North Korea denies torturing U.S. detainee Otto Warmbier

North Korea on Friday accused the USA of waging a "smear campaign" over the death of a student who was sent back home in a coma, denying he was tortured or abused.

Some 2,500 family, friends and well-wishers gathered for the funeral of Otto Warmbier, the USA student who died after falling into a coma while in prison in North Korea.

"This college kid never should have been detained in the first place", said Mr Portman, who previously revealed he met secretly with North Korean officials in NY last December to press for Mr Warmbier's release.

He was brought back to the US last week with brain damage, in what doctors described as a state of "unresponsive wakefulness", and died on Monday.

The spokesperson also claimed that Warmbier was provided "with medical treatment" while serving his sentence in North Korea and was returned to the United States "alive" after the 22-year-old college student's heart had "nearly stopped".

But the doctors who examined him after his return disputed the botulism claim and said he had "extensive loss of tissue" in his brain.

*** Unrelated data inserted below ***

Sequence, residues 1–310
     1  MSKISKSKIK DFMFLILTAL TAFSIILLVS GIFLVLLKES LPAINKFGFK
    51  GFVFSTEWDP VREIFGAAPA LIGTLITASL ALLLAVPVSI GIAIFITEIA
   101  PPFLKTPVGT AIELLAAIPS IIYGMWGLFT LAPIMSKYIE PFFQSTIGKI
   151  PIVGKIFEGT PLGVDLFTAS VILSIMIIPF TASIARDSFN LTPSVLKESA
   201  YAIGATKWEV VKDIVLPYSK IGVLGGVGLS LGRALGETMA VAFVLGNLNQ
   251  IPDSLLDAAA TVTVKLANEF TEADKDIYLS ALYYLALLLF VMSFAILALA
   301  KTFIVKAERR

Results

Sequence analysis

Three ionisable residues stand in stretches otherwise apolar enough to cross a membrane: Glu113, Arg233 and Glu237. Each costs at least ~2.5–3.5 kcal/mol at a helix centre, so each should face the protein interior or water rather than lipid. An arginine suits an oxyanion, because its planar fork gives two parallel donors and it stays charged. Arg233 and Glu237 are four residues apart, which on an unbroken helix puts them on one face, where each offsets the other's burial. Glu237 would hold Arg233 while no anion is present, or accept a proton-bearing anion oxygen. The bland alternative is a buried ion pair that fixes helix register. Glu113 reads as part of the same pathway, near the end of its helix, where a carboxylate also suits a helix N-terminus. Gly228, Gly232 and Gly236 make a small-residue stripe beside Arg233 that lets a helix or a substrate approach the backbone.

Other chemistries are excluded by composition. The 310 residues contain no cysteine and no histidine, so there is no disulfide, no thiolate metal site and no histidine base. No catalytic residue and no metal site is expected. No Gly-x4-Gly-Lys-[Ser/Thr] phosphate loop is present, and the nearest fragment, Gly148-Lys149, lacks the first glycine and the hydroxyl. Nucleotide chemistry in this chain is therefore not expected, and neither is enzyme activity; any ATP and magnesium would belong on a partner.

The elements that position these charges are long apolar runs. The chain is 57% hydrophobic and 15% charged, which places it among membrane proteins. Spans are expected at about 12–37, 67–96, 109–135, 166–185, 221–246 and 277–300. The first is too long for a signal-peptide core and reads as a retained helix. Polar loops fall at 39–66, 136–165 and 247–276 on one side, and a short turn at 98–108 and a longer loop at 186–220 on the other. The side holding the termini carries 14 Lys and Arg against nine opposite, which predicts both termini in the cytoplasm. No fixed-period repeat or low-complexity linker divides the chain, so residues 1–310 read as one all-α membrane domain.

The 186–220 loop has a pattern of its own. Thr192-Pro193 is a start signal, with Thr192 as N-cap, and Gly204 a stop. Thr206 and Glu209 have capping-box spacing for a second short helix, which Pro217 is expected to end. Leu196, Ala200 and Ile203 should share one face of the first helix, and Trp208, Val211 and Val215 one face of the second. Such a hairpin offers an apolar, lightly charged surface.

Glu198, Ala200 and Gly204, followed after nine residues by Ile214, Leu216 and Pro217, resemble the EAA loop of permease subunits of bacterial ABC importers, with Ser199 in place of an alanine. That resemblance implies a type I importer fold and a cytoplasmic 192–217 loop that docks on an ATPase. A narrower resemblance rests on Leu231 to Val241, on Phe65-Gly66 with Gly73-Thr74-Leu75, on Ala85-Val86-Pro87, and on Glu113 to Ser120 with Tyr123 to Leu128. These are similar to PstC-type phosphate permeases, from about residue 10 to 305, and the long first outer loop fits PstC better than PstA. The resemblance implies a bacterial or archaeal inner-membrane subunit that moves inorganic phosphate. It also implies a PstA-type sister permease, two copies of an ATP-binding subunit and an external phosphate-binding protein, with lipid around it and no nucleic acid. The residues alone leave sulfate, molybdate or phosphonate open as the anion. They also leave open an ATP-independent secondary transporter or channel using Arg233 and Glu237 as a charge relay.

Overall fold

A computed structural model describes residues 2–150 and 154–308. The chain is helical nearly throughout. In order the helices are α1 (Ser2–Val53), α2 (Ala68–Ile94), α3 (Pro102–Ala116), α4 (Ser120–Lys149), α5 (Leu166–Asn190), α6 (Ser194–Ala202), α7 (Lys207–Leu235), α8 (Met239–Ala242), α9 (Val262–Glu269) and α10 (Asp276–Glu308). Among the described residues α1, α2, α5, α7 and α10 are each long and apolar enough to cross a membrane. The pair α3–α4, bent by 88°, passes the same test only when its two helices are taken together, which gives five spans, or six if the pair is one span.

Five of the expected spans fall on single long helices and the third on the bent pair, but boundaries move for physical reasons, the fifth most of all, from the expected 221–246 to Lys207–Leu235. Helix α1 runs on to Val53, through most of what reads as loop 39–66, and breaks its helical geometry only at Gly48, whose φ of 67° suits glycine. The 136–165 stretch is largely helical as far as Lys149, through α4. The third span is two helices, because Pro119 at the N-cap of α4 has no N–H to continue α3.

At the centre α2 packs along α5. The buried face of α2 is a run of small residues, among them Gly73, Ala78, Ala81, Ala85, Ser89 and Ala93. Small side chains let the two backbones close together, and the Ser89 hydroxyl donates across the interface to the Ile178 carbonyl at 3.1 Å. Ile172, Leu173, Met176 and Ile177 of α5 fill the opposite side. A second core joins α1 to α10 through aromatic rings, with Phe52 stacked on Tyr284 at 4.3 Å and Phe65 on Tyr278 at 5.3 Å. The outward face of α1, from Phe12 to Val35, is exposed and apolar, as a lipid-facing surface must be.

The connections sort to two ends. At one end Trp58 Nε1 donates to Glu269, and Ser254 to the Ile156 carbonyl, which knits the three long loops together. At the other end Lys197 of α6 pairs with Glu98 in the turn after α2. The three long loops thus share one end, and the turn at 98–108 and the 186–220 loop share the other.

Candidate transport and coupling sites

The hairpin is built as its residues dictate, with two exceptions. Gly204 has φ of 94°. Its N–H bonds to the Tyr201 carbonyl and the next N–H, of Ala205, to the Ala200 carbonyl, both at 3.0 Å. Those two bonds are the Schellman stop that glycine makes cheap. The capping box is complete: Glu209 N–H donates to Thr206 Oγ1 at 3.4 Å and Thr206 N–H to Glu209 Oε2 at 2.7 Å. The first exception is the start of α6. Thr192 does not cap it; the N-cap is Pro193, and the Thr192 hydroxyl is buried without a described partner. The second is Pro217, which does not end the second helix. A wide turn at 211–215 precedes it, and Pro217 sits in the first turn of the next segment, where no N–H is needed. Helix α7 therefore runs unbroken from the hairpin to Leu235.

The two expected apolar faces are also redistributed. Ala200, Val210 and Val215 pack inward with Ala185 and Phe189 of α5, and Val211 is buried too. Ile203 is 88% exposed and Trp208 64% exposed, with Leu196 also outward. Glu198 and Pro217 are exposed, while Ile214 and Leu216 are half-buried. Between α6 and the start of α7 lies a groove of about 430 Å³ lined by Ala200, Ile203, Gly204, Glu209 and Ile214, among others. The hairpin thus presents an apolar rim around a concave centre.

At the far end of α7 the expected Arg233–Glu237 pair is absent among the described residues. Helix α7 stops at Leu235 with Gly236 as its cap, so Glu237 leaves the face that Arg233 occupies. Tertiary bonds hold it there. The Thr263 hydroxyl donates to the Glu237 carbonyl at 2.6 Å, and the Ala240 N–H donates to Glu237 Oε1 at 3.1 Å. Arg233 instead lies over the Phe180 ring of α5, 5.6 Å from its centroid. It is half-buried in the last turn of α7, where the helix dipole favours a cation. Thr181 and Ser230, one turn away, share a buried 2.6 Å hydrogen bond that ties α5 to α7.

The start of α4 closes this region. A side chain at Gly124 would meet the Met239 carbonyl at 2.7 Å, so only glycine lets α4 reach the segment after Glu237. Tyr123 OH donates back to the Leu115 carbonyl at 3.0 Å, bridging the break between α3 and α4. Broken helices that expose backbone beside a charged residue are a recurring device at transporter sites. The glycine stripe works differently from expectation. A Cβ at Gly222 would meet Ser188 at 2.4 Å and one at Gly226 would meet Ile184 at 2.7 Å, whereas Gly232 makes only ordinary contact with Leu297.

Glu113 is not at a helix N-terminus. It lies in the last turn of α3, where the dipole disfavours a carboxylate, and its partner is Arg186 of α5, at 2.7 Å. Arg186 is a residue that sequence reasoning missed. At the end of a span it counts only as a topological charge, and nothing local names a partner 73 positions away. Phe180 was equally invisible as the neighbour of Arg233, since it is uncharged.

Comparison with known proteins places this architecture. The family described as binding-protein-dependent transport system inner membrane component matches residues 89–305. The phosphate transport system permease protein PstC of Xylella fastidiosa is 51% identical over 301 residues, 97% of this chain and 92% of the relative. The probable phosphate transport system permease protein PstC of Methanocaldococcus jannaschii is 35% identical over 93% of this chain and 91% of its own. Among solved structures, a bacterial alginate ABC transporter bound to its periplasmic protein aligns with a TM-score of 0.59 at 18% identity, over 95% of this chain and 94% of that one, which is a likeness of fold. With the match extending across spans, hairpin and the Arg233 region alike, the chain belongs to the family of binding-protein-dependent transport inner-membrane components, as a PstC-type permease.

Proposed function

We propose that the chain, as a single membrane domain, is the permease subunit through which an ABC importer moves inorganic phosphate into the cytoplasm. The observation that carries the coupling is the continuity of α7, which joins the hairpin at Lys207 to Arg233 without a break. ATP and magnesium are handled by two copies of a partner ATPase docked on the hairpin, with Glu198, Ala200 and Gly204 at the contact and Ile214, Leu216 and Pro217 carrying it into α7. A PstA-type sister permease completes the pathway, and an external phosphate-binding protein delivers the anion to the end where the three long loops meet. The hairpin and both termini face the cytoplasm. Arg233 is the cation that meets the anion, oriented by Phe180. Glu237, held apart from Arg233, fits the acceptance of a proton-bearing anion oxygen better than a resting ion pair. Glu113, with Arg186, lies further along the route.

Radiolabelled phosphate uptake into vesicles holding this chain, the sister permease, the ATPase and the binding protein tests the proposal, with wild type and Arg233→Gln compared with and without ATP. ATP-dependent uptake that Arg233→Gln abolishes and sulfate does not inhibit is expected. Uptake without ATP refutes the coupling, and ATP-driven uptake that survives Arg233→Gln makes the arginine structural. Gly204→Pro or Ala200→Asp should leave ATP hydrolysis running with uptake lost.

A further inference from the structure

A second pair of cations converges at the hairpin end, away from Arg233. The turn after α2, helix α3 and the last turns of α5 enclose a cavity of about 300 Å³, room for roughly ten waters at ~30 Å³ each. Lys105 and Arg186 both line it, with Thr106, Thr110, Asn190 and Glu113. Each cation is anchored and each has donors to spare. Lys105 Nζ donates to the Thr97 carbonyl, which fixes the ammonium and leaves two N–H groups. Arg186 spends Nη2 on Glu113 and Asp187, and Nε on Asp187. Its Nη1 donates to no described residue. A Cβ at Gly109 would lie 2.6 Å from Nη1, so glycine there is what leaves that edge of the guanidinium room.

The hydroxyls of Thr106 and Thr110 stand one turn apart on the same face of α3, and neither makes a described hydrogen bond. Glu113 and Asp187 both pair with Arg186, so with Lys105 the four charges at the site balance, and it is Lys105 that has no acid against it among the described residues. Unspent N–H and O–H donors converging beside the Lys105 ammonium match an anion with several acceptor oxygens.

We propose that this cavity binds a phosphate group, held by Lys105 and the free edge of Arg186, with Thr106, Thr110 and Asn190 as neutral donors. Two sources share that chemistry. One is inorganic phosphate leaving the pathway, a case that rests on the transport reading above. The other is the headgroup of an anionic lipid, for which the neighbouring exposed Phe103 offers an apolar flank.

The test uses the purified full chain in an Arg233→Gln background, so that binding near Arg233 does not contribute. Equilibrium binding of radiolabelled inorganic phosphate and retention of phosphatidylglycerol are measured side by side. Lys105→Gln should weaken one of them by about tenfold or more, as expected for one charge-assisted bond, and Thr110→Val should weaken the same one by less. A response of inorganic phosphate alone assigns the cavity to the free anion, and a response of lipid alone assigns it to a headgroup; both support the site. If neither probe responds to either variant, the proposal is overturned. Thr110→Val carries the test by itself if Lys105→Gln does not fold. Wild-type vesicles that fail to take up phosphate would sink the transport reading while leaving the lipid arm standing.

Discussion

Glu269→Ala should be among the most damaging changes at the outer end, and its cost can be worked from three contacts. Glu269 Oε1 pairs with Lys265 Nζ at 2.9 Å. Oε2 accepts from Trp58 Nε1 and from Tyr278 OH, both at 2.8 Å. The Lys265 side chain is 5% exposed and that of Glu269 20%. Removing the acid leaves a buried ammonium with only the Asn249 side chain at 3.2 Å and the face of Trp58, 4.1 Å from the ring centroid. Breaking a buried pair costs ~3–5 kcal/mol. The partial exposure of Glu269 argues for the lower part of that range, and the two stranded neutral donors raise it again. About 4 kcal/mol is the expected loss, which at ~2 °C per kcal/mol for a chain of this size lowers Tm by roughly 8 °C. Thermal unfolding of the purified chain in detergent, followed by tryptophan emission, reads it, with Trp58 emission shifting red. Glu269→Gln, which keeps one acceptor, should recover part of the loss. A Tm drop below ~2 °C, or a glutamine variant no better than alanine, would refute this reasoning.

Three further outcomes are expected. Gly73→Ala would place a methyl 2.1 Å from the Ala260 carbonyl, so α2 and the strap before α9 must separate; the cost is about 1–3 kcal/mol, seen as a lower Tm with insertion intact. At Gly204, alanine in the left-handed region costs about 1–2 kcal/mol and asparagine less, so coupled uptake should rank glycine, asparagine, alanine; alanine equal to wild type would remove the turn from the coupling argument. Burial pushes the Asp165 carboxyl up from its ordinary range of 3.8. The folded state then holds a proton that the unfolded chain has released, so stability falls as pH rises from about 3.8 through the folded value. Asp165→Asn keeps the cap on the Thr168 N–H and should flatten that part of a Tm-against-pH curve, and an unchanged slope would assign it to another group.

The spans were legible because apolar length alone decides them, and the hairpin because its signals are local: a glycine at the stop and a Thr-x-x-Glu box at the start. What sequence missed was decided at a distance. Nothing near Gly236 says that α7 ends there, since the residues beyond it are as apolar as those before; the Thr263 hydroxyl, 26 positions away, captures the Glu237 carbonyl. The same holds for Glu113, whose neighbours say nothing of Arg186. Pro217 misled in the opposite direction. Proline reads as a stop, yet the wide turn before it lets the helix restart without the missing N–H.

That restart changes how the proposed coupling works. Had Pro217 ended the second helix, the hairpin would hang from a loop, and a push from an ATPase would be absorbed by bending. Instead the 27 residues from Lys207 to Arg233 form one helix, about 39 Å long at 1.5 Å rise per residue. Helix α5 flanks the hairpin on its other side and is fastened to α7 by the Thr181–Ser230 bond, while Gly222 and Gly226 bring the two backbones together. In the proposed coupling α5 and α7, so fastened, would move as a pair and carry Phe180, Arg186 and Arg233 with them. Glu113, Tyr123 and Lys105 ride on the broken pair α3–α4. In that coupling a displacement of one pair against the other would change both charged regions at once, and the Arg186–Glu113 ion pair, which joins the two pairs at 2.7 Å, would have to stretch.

The diplomat said Warmbier "had been provided with the necessary treatment, although North Korea had no reason at all to show mercy to such a criminal of the enemy state".

A sign is seen at Wyoming High School in Wyoming, Ohio, on June 22, 2017, before the funeral for Otto Warmbier.

North Korea claims Warmbier had botulism then took a sleeping pill and never woke up, but said in the statement that their doctors brought him back to life after "his heart had almost stopped".

On Friday, the Foreign Ministry spokesman did not disclose what caused Mr. Warmbier's coma.

"Some good things came of this trip".

As for North Korea itself? "I look at the friendship about him", Rodman said.

Just a few days after his return to the United States, Otto Warmbier passed away.

Otto Frederick Warmbier (C), a University of Virginia student who was detained in North Korea since early January, is taken to North Korea's top court in Pyongyang, North Korea, in this photo released by Kyodo March 16, 2016.

Senator Ted Cruz from Texas said: "the North Korean regime is mistaken if it believes that its barbaric mistreatment of an American citizen held in depraved captivity for over a year will pass quietly".

But later in the day, they said the family objected to an autopsy being performed on his body, so just an external exam was done.

The bill, introduced late last month by Representatives Adam Schiff, a California Democrat, and Joe Wilson, a South Carolina Republican, would ban tourist travel to North Korea and require a license from the Treasury Department for any other travel to North Korea.

The spokesman said that North Korea treated Warmbier appropriately during his imprisonment.

  • Joanne Flowers